User Features

  • The new Twenty Thirteen theme inspired by modern art puts focus on your content with a colorful, single-column design made for media-rich blogging.
  • Revamped Revisions save every change and the new interface allows you to scroll easily through changes to see line-by-line who changed what and when.
  • Post Locking and Augmented Autosave will especially be a boon to sites where more than a single author is working on a post. Each author now has their own autosave stream, which stores things locally as well as on the server (so much harder to lose something) and there’s an interface for taking over editing of a post, as demonstrated beautifully by our bearded buddies in the video above.
  • Built-in HTML5 media player for native audio and video embeds with no reliance on external services.
  • The Menu Editor is now much easier to understand and use.

Developer features

  • A new audio/video API gives you access to metadata like ID3 tags.
  • You can now choose HTML5 markup for things like comment and search forms, and comment lists.
  • Better filters for how revisions work, so you can store a different amount of history for different post types.
  • Tons more listed on the Codex, and of course you can always browse the over 700 closed tickets.

Reprinted from WordPress

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Passwords and Passphrases, you’re most common security measure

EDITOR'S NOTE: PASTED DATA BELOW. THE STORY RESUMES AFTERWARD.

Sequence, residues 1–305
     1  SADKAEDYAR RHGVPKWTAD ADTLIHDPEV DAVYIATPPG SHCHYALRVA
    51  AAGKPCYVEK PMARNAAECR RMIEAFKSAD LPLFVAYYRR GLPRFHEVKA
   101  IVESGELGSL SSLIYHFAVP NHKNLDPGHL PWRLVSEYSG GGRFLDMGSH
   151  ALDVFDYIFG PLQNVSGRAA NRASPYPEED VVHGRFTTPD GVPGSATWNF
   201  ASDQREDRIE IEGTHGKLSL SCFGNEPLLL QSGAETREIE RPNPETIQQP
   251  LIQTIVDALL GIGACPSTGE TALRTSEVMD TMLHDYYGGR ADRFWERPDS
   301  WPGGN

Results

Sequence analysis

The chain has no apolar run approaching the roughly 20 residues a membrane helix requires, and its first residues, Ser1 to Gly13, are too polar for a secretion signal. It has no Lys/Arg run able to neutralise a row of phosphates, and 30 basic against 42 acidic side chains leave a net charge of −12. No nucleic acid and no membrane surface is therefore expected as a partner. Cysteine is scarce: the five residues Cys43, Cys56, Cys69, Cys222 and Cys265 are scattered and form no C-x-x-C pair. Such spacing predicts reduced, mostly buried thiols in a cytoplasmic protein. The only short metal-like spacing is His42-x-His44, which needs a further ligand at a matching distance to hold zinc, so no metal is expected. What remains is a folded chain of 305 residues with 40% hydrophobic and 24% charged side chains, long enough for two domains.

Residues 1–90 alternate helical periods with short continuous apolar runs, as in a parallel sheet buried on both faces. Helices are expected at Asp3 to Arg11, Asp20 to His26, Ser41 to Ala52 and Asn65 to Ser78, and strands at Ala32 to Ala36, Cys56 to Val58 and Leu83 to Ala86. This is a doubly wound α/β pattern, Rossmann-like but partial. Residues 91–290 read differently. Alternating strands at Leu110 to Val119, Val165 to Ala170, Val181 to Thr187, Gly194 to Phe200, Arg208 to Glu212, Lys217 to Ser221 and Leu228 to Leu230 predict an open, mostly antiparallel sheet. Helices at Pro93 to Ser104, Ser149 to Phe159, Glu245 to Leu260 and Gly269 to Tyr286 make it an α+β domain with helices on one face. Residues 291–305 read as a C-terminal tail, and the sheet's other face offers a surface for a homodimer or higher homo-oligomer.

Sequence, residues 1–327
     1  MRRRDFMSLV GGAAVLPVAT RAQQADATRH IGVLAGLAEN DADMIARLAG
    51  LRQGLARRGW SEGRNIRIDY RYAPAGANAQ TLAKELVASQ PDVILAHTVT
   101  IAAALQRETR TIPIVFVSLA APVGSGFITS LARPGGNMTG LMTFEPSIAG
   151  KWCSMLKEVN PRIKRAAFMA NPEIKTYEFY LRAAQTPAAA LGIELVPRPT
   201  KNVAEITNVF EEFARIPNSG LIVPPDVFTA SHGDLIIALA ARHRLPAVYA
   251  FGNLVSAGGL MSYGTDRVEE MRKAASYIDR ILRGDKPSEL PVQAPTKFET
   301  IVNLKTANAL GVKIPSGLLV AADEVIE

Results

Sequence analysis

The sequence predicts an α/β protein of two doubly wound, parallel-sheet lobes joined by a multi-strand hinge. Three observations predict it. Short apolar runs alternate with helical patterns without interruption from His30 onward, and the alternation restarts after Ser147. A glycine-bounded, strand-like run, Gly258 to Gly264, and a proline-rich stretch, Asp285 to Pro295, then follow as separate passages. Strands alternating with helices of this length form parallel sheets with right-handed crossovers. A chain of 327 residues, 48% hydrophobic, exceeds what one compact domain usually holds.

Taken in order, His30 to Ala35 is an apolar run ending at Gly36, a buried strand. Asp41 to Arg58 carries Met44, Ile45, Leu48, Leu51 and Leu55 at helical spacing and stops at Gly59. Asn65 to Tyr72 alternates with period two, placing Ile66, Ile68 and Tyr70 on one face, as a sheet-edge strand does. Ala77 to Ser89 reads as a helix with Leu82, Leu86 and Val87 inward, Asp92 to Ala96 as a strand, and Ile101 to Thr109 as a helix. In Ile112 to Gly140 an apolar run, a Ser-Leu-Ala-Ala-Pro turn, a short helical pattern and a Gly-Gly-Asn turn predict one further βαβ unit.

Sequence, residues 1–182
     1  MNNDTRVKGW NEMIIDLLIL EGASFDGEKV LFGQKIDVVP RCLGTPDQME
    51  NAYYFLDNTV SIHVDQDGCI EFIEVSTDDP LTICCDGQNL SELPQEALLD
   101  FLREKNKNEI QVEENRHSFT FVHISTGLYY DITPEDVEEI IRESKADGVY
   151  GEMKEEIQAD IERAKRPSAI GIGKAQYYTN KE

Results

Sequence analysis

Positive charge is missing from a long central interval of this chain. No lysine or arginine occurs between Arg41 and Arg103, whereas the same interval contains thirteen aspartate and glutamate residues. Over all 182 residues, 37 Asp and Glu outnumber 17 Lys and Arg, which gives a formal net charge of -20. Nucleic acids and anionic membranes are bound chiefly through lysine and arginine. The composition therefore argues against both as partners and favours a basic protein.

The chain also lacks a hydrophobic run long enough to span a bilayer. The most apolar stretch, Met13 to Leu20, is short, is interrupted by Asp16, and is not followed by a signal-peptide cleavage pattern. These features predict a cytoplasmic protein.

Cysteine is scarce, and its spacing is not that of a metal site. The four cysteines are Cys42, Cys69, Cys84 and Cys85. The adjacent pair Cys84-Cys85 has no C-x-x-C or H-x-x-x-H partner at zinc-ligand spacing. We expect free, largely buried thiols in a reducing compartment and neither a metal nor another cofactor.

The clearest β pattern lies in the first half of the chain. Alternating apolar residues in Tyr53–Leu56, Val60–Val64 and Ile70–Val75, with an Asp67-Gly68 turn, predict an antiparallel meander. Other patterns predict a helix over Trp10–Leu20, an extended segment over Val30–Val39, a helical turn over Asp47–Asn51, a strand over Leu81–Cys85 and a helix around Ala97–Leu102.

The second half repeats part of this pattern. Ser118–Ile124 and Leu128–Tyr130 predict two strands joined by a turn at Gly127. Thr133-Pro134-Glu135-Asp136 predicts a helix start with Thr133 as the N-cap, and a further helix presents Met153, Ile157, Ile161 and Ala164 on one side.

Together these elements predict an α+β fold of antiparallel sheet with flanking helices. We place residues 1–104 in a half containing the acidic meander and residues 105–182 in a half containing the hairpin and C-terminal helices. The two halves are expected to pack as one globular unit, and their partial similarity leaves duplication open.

The first and most common piece of security everyone is aware of and using is a password or hopefully a passphrase. Today I will outline the differences between the two along with some guidelines and suggestions. In part 2 of my coverage about passwords I will go into more detail about some things to look out for when creating and using passwords.

About passwords and passphrases

Passwords are short sequences of letters, numbers, and symbols that you enter to verify your identity to a system, which then allows you access to secure data or other resources.

Passphrases operate on the same principle as passwords, and are used in exactly the same way. However, they differ from traditional passwords in two aspects:

  • Passphrases are generally longer than passwords. While passwords can frequently be as short as six or even four characters, passphrases have larger minimum lengths and, in practice, typical passphrases might be 20 or 30 characters long or longer. This greater length provides more powerful security; it is far more difficult for a cracker to break a 25-character passphrase than an eight-character password.
  • The rules for valid passphrases differ from those for passwords. Systems that use shorter passwords often disallow actual words or names, which are notoriously insecure; instead, your password is usually an apparently random sequence of characters. The greater length of passphrases, by contrast, allows you to create an easily memorable phrase rather than a cryptic series of letters, numbers, and symbols.